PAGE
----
A bit of a question of aesthetics/style. STAN seems to use the usual definition of the Student-T distribution, so that in code like:

```
parameters {
...
real<lower=2> nu;
real<lower=0> scale;
...
}
model {
...
Y ~ student_t(nu, loc, scale);
...
}
```

one is actually describing a distribution not with standard deviation equal to `scale`

but instead with standard deviation equal to `scale * sqrt(nu / (nu - 2))`

which is strictly greater than `scale`

. I understand that the Student-T so-defined is understood to be the fat-tailed cousin of a Normal distribution with standard deviation equal to `scale`

. But I never really understood why the convention was to formulate things so that as `nu`

shrinks (with `scale`

held constant) the result is to *both* have the tails get fatter (relative to the core of the distribution) *and* have the actual standard deviation of the distribution increase.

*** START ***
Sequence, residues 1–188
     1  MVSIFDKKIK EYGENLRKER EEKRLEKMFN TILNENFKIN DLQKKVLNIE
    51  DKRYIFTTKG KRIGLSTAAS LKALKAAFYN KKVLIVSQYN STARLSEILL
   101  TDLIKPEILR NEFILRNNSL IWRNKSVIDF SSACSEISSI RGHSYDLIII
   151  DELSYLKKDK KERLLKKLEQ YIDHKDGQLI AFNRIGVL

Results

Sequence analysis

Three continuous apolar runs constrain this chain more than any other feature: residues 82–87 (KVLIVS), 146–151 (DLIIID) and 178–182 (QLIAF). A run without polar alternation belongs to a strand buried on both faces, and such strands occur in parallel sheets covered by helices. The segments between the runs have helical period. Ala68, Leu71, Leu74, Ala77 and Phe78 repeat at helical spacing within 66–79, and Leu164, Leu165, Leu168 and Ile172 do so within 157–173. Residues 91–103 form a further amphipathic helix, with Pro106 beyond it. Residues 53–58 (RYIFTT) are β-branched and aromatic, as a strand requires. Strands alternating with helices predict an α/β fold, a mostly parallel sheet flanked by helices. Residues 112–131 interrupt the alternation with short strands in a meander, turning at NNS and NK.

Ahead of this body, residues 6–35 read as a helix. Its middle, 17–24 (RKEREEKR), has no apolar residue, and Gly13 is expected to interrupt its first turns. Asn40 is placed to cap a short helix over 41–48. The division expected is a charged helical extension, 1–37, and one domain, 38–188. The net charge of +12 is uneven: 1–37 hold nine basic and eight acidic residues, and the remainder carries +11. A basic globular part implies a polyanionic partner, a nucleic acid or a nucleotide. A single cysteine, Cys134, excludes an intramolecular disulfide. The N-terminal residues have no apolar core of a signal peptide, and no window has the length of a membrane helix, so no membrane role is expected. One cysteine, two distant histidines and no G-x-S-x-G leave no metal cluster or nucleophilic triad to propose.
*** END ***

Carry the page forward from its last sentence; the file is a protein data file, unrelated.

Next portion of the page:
To that end, Iâ€™m always tempted to write this instead as:

```
parameters {
...
real<lower=2> nu;
real<lower=0> scale;
...
}
transformed parameters {
real norm_equiv_scale;
norm_equiv_scale = scale / sqrt(nu / (nu - 2));
}
model {
...
Y ~ student_t(nu, loc, norm_equiv_scale);
...
}
```

In this way, once my parameters are done fitting, I wind up with what feels like a more easily-interpreted meaning for `scale`

(namely that it should match up with the standard deviation of the data) and a more easily-interpreted meaning for `nu`

(namely that it is just a shape-of-distribution parameter that doesnâ€™t have much to do with observed standard deviation).

Put differently, I can imagine that scatter plots of `scale`

vs `nu`

in the top case could show negative correlation between the fitted parameters (because increasing `nu`

is compatible with shrinking the modeled standard deviation in that case). But I would think that same scatter plot in the second formulation should show less correlation between the parameters.

What do you think?